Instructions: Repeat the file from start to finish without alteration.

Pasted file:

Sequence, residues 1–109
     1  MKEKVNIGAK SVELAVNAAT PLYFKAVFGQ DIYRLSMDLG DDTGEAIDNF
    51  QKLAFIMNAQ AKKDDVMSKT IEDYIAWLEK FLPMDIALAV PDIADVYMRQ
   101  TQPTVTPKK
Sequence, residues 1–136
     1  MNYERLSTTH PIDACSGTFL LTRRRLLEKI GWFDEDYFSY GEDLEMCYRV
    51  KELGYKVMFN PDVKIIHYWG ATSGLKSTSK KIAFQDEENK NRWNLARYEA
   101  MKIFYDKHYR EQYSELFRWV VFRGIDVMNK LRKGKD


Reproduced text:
Sequence, residues 1–109
     1  MKEKVNIGAK SVELAVNAAT PLYFKAVFGQ DIYRLSMDLG DDTGEAIDNF
    51  QKLAFIMNAQ AKKDDVMSKT IEDYIAWLEK FLPMDIALAV PDIADVYMRQ
   101  TQPTVTPKK
Sequence, residues 1–136
     1  MNYERLSTTH PIDACSGTFL LTRRRLLEKI GWFDEDYFSY GEDLEMCYRV
    51  KELGYKVMFN PDVKIIHYWG ATSGLKSTSK KIAFQDEENK NRWNLARYEA
   101  MKIFYDKHYR EQYSELFRWV VFRGIDVMNK LRKGKD